During camp meeting Dr. Hoskins, a church historian and professor, gave a lecture about the history of camp meeting. In the lecture he explored the history, traditions, and theology that created and sustained camp meetings from the late 1700s to now. One of the resounding themes in this lecture was theological democracy. This idea is that the Gospel and participation in the Kingdom is for all. Even before the Civil War, Civil Rights and Suffragette movements, the community of faith provided space for all to come hear the word, sing in harmony, preach, pray, and receive communion. Meetings went further than just a service but also provide space for education in various subjects. The entirety of life was filled up with the dangerous and entertaining work of the Holy Spirit. There within camp meeting people encountered God, were filled with the Holy Spirit and sent out to tell and invite others. The purpose of camp meeting has changed as time and denominations have come and gone, and yet the meaning of camp meeting remains the same. Paul writes to the church in Galatia as conflict arises about just how much space should be made within the Kingdom. Can those who do not first accept Judaism become real Christians? Paul’s answer is simple “There is no longer Jew or Greek, there is no longer slave or free, there is no longer male and female; for all of you are one in Christ Jesus. And if you belong to Christ, then you are Abraham’s offspring, heirs according to the promise.” (Galatians 4:28-29) The call to salvation, the call to holy living, the call to live in right relatedness with self, others, God, and creation has remained the same from Paul to Wesley to camp meetings to now. The invitation remains available to all. The reality that all can be transformed more and more into the image of God is one that all can experience.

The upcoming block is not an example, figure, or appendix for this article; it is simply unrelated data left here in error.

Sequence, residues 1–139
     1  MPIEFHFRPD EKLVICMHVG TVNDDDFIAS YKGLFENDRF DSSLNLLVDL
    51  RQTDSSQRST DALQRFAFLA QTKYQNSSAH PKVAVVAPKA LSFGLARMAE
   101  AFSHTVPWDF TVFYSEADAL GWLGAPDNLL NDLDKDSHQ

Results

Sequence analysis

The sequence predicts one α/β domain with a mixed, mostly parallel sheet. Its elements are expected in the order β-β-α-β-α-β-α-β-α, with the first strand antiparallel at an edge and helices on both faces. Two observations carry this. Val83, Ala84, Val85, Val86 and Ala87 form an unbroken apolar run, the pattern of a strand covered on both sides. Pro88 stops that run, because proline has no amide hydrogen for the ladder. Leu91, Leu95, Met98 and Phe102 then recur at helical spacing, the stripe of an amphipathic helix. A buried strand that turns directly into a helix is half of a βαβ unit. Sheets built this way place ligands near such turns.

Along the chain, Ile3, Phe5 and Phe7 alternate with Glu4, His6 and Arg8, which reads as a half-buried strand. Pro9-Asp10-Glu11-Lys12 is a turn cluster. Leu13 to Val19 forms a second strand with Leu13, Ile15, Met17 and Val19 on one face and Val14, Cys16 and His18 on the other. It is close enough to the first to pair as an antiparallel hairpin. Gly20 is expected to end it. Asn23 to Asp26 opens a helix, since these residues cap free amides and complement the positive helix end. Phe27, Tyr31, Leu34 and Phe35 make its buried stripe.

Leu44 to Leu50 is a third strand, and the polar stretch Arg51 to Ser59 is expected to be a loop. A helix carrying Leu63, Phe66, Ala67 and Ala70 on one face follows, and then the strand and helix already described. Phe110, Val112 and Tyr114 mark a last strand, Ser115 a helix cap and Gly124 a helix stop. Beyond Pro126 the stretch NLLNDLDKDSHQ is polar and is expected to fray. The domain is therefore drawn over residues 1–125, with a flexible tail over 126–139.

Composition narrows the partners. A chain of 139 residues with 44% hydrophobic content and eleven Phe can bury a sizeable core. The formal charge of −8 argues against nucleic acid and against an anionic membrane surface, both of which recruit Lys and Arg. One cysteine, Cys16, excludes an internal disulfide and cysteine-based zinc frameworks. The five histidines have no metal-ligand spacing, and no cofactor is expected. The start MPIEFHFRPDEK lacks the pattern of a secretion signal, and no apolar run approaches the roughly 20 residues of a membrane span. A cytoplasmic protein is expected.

This past Church season we have been singing songs that remind us of the grace given to us through the sacrifice of Christ. Foremost among these is the hymn Rock of Ages, written by Augustus Toplady in 1776. Amusingly, it was originally published in Gospel Magazine along with an article about the national economy. There Toplady argued that Great Britain's national debt had grown so large that Parliament could never hope to pay it back; likewise our debt of sin is so great that we have no hope of being free from it by our own actions. It is only through the sacrifice of Christ that we can be saved from our sins. Even as we fasted during Lent, we sang this song and are reminded that our fasting, prayers, and offerings have no power to redeem us; we sing to Christ, "Thou must save and Thou alone!" We now rejoice in this Easter season because we experience Christ’s salvation and resurrection.
The season of Lent is one of reflection and repentance. As we have journeyed to the cross we see Jesus preaching teaching and performing miracles. He goes on as He has done since the start of His ministry pointing all to the Kingdom of God. The life and ministry of Christ is not a set up to the cross, but the continual expression of its mission. Christ’s sacrifice is only worthwhile because of the life He lived. In Christ’s life we see the possibility that humanity and divinity can exist together, that to be perfectly human is not to ere, but to be in right relatedness with YHWH. This way of life can easily be dismissed as impossible; Christ did it because He was also fully God. However, Paul does not let the Roman church (or us) off so quickly. If we are followers of Christ, then we must journey with him through His life death and resurrection. And if we have experienced His life, then we can live like Christ because we have experienced His death. Death can no longer reign in our lives because we have been raised to new life in His resurrection. We can no longer live as we once did. The impossible becomes possible, not because we have done enough, but because of the faithfulness of God exemplified in the life, ministry, death, and resurrection of our Savior. The call of repentance is to look at God, and then look at our selves. Where there is a difference we proclaim it, turn from it, and ask to be transformed more into God’s image.